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UK poised for political shift as Labour sets sights on historic election victory

Workmen put the red carpet in place on the doorstep of 10 Downing Street. Tuesday, April 9, 2024.
Workmen put the red carpet in place on the doorstep of 10 Downing Street. Tuesday, April 9, 2024. Copyright Alberto Pezzali/Copyright 2024 The AP. All rights reserved
Copyright Alberto Pezzali/Copyright 2024 The AP. All rights reserved
By Mared Gwyn Jones in London
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Opinion polls suggest Labour could win the biggest majority of any post-war government.

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The United Kingdom is heading to the polls on Thursday to elect 650 new members to the House of Commons, with opinion polls painting a picture of Labour dominance few would have thought possible in the previous vote in 2019.

That election saw the then-Prime Minister Boris Johnson secure a solid Conservative majority in parliament and clinch a symbolic mandate to “get Brexit done”. He did so by winning over major Labour heartlands in the traditionally working class "red belt" of Northern England and the Midlands.

The UK has since formally exited the European Union - but life after Brexit has been cruel for the Conservative party.

Now, Labour and its leader, Sir Keir Starmer, are hoping to win back the pro-Brexit voters they lost in 2019, while Prime Minister Rishi Sunak’s Conservative party could score the worst election result in its 200-year history.

Some polls put Labour at a staggering 20 percentage points ahead of the Conservatives, meaning Keir Starmer could become prime minister with a majority of over 200 seats, the biggest of any post-war government.

The Conservatives meanwhile face electoral wipe-out in some parts of the country, and Sunak could become the first sitting prime minister in history to lose his seat.

A Conservative crisis

Support for the Conservatives - who have governed for the past 14 years under five different leaders - has been steadily on the decline since 2021, when investigations were launched into lockdown-breaking parties at 10 Downing Street enabled by Prime Minister Johnson.

Following Johnson’s downfall came a brief and unsuccessful stint at the helm for Liz Truss, whose ‘mini budget’ saw the pound plummet to a 37-year low. Sunak, a former investment banker, quickly stepped into her shoes, but judging from polling has failed to convince voters he is the right man to get the UK’s economy back on track.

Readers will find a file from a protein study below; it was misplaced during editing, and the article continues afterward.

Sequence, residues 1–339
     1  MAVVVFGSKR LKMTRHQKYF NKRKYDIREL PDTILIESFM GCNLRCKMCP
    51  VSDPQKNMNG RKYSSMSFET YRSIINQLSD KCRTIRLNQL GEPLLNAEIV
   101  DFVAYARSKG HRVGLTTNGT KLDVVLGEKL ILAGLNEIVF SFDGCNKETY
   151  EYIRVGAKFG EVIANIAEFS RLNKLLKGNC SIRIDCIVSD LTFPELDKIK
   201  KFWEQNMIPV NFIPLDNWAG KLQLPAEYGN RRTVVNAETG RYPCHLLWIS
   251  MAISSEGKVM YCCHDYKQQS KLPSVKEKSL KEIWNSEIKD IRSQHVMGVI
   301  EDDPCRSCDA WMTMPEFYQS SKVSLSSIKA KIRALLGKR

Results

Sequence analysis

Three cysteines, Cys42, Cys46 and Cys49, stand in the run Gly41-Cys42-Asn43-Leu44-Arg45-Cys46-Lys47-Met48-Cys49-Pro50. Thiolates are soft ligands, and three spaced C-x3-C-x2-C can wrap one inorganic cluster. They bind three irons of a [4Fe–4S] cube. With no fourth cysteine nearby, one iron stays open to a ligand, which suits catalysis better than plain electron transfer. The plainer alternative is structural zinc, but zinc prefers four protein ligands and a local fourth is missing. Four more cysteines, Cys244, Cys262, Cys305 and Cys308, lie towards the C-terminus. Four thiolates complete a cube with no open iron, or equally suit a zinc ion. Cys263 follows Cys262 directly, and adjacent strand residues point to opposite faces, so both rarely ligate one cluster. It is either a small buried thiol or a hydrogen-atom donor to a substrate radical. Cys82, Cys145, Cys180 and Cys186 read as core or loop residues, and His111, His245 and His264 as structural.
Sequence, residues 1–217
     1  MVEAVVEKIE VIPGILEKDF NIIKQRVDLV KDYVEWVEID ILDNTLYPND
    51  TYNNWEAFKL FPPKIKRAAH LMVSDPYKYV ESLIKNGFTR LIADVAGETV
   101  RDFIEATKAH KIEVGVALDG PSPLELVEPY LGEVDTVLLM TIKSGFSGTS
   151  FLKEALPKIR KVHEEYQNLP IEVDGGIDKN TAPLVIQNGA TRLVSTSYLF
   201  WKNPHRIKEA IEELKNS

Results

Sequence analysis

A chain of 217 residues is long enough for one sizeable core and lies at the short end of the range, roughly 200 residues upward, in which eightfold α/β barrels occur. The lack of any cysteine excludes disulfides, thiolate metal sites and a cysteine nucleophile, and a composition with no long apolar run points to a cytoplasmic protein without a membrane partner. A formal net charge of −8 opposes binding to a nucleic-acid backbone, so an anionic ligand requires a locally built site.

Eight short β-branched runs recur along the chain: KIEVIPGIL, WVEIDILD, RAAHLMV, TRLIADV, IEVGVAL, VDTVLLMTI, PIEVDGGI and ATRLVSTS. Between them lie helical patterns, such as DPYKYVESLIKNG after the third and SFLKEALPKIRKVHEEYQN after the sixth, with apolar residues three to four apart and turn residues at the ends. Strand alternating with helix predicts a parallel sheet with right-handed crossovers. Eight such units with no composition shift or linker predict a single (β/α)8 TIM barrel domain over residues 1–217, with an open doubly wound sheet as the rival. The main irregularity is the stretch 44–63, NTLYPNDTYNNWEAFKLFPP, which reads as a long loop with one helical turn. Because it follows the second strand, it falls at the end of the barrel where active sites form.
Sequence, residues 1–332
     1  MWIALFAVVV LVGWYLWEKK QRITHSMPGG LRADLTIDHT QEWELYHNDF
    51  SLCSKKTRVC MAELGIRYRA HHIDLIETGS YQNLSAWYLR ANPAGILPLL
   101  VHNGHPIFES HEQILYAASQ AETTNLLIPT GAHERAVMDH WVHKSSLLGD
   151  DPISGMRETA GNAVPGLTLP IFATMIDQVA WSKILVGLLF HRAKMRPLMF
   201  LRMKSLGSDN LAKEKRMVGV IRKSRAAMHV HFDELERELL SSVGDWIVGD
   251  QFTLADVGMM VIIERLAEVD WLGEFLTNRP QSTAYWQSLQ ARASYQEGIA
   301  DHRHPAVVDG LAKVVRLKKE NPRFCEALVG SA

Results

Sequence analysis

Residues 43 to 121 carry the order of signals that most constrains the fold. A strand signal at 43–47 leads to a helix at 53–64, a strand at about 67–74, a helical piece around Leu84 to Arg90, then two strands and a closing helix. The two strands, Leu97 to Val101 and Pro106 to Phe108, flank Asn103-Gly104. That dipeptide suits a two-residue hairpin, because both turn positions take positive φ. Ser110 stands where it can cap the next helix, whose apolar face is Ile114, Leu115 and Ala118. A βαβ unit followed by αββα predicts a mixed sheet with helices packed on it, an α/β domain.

As well as the economy, housing and the national health service, migration has been one of the hottest topics on the campaign trail. Sunak has tried to rope in voters concerned about the number of irregular migrants reaching British shores by making his controversial plan to deport asylum seekers to Rwanda conditional on his re-election.

But the Rwanda plan has sparked backlash and divided the nation, with even the Supreme Court ruling it unlawful. Its advocates have been frustrated by the fact no flights have taken off two years after the plan was initially announced.

Britain's Prime Minister Rishi Sunak walks back into 10 Downing Street in London Wednesday, May 22, 2024, after he announced that he is to call a General Election for July 4.
Britain's Prime Minister Rishi Sunak walks back into 10 Downing Street in London Wednesday, May 22, 2024, after he announced that he is to call a General Election for July 4. Kin Cheung/Copyright 2024 The AP. All rights reserved

He formally called the election in the pouring rain in Downing Street as the song "Things Can Only Get Better” - famously used for Tony Blair’s landslide election victory in 1997 - blasted in the background.

A raft of PR gaffes has since followed. Sunak faced a wave of condemnation when he left a ceremony to mark the 80th anniversary of the D-Day landings early to hold a TV interview, inviting accusations he was out of touch with British values.